As context for this review, I’ve been playing tabletop RPGs for over 30 years, I’m fairly cautious about which projects I back and my focus is on Savage Worlds, Powered by the Apocalypse and Cthulhu-theme games. I’m not a big D&D or Pathfinder player, so generally ignore those. I am a part professional game writer and a current amateur game designer, so novel new systems catch my eye. Finally, I’ve succumbed to the lure of 3d terrain and extensive use of miniatures.
My first project backed was the first Reaper Miniatures Bones one in August 2012. I backed five more projects that year, 31 in 2013, 28 in 2014, 23 in 2015 and so far this year, just five.
Ninety-two of the projects were tabletop RPGs or tabletop RPG accessories (adventures, supplements, miniatures, terrain, cards, etc.). Seven were gaming-related in some way and included card or board games, a movie, an art project and a toy. One was for a book that was entirely unrelated to gaming.
Most were for new RPGs (33) or RPG accessories (27). I’ve become a big fan of using 3d terrain in my games (20 projects backed) and seven were for miniatures. I should note that the two board games backed were entirely for the miniatures. I might try the game at some point, but really I wanted the miniatures.
Five of the projects failed to fund, but more importantly, of those that did fund, only four to date have officially failed completely. There are six currently that are over one year late, of which I think only one is truly hanging on the thread. The others look like they’ll be incredibly late, but ultimately successful. This is a pretty good success rate. I’ve also noticed that delivery times are improving.
Of those that failed, it’s notable that they were all either individuals or completely new companies, which shows the risk inherent in backing newcomers. That being said, there are another dozen or so projects that fall in the same category that did deliver successfully. I do tend to mitigate my risk by backing at a very low level such projects, keeping in mind that there is a higher likelihood of failure.
The average delay (not counting those that failed) for 2013 was almost six months, for 2014 the average delay is currently about five months and 2015 so far is about one month. These last two averages are slowly increasing as there are a number of outstanding projects, but the trend is for better return times. The worst delay was a whopping 31 months, while the shortest was negative seven months. Yes, that’s correct, one project actually shipped seven months early and for that, RPG and Wargaming Tabletop Accessories deserve a shout out for the most amazing turn around time.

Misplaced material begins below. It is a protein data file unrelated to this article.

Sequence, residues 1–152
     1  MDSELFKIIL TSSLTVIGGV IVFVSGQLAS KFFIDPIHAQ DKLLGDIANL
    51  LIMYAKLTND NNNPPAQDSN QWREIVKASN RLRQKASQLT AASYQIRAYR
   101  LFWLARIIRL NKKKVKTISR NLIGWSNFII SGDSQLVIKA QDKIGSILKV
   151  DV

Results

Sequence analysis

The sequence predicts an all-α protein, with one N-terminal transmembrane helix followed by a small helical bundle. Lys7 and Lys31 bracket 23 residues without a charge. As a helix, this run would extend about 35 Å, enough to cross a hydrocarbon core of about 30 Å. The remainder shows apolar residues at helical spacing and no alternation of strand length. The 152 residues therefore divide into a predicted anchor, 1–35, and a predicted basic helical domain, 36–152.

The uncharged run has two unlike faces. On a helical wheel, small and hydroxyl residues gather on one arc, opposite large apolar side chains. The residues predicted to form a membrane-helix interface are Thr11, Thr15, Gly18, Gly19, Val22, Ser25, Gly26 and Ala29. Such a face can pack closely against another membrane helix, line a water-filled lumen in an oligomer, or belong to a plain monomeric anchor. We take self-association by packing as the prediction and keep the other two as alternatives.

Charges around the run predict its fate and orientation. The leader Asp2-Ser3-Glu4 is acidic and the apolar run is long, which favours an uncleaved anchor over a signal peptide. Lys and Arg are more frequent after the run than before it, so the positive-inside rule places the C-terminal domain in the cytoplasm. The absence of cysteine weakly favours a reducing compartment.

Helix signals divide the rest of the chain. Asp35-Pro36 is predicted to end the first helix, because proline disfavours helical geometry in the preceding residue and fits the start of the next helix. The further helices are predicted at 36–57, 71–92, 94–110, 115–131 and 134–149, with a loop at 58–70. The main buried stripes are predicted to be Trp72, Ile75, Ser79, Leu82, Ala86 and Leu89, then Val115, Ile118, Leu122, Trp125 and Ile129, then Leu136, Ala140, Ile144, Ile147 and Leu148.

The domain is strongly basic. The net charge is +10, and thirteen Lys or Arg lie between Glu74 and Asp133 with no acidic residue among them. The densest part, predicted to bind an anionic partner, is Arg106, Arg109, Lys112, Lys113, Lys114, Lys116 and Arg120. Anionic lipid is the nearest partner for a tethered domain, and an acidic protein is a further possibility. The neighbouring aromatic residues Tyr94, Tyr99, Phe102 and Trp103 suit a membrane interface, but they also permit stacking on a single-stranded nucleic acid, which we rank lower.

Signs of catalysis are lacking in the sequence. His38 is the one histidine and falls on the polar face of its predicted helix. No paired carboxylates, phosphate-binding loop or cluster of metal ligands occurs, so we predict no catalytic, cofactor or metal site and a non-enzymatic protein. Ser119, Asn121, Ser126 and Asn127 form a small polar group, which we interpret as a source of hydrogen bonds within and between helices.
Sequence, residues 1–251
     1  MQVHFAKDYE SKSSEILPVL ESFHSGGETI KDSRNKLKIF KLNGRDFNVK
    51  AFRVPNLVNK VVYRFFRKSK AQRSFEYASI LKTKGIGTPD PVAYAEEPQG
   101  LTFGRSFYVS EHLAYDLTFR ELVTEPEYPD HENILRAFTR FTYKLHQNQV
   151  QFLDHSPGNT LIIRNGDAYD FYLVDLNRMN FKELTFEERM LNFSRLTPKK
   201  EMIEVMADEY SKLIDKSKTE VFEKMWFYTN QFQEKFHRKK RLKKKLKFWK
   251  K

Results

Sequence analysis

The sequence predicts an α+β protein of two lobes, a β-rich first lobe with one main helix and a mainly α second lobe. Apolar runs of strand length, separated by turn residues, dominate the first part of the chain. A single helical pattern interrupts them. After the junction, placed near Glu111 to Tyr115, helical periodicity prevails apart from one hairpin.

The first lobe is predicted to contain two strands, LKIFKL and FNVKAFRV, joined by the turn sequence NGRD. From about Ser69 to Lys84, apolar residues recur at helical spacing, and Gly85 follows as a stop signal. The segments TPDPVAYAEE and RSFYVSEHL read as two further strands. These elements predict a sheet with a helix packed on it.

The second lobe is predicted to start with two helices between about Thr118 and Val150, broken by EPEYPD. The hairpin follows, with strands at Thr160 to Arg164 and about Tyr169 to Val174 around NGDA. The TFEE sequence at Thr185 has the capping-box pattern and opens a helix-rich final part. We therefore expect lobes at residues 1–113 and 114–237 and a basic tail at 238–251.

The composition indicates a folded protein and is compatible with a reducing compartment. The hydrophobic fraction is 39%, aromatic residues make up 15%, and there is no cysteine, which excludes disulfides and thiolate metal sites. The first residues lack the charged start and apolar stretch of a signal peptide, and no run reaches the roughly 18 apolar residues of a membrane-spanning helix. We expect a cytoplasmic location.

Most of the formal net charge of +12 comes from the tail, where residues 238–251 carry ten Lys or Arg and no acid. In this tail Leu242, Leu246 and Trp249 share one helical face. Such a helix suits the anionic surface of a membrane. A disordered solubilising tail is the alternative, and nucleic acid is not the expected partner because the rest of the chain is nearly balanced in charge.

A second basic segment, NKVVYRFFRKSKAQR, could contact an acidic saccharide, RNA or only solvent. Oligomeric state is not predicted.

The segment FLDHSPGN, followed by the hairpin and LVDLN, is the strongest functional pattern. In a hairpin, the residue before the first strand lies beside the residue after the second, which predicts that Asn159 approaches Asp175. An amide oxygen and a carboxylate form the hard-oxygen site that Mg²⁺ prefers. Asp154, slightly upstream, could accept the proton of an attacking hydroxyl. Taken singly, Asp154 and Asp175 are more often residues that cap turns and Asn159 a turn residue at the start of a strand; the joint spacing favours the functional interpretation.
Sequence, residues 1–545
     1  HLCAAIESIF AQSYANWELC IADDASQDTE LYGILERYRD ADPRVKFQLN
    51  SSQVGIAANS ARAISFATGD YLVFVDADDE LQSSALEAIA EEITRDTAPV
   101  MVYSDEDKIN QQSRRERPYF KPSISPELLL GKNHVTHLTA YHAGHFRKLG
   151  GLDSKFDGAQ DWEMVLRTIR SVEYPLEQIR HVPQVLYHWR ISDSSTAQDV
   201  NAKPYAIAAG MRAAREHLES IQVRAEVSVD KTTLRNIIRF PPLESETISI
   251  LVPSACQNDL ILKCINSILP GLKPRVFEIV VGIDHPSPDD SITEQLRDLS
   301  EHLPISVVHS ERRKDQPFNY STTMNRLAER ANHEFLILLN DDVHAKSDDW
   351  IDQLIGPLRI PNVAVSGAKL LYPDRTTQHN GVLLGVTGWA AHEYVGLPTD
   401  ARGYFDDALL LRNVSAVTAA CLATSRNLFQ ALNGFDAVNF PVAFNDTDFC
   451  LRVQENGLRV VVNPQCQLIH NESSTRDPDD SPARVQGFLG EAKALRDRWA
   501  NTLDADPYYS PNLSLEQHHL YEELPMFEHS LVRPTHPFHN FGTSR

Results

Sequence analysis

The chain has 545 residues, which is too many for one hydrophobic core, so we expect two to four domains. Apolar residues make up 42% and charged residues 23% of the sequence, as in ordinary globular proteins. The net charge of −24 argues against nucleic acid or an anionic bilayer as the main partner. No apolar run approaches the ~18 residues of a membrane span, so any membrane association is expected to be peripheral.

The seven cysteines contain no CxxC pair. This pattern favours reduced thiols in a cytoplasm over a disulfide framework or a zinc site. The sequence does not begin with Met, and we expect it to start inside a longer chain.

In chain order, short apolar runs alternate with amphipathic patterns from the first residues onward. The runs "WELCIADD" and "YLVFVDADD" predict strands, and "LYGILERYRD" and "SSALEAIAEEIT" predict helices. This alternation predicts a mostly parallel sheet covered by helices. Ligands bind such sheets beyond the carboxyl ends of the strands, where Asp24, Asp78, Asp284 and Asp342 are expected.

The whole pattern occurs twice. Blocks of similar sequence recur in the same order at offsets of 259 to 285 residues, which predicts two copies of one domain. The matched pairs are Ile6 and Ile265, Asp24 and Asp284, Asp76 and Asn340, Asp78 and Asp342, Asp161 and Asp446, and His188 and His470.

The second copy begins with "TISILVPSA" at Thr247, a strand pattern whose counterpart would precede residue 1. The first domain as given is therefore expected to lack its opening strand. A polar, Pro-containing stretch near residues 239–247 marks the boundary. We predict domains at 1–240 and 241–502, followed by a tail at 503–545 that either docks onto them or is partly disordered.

My Approach to Backing Projects
I avoid any project that isn’t almost completely written already. I’d recommend any prospective Kickstarter creators to have the writing and editing done in advance. The manuscript should be ready to go. Use Kickstarter to fund the art, clean it up and for printing costs. The projects I backed that failed were not ready to go and in one case the creator commented that “writing is hard.” Yes, it is. Don’t let people down by discovering that after you’ve suckered them in for your project.
If a project looks unprofessional, the end product is likely to look even worse, so I avoid those like the plague.
A high price for pdfs is a major turn-off. A low price for the pdf is very likely to get me to back the project, provided the subject matter interests me. For example, I may back an adventure or source material for a game I don’t play if the pdf is low enough priced.
When it comes to miniatures or terrain, I am always looking for painted options. I have limited time (and skill!) for painting, so am willing to pay a bit more to get something painted. I may back a project that is entirely unpainted, it has to be something that seems like “must have”. That being said, the painted price needs to be reasonable, which (fair enough) is difficult for most projects.
Kickstarter has been a huge game changer for the whole industry. It used to be the best deals were on games at the end of their life cycle in the bargain bin. Now, you can get in on the ground floor of the hottest new games at great prices.
The downside of this is of course that the brick and mortar stores are suffering. However, I think that the increase in overall gaming is bringing more people into the stores, so it evens out or may even be positive. After all, you can’t get your regular gaming purchase through Kickstarter. Most projects are months (or years!) out from delivering from the time they go live and many gaming products are not produced through Kickstarter, so once you’re into the hobby, you’re going to use the neighbourhood gaming stores to feed your habit between Kickstarter deliveries, which is more often than not.
Should you back a project if it interests you? Sure, just be aware that it’s not a pre-order, it’s not an investment, it’s a donation to the project creator on the basis that they hope to be able to ship you something in return for your confidence in their ability to pull off the project. If you don’t think they’ll be able to pull it off, don’t donate that money to them. And if it does fail, forgive it as a donation to the hobby, and avoid backing their projects in the future.
Finally, Kickstarter is making our hobby more accessible to more people to get into publishing, but just like in the old days, they’re still going to have to have what it takes to succeed. What is different is that there used to be companies in between you and them that shielded you from the risk. Now, you’re on the front line, both for the good and the bad. So, if Kickstarter brings us all a little closer together, that’s a good thing.
PS – My 100th Kickstarter was Sandy Petersen’s Cthulhu Mythos for Pathfinder – for those awesome Cthulhu miniatures! Now if only they were painted…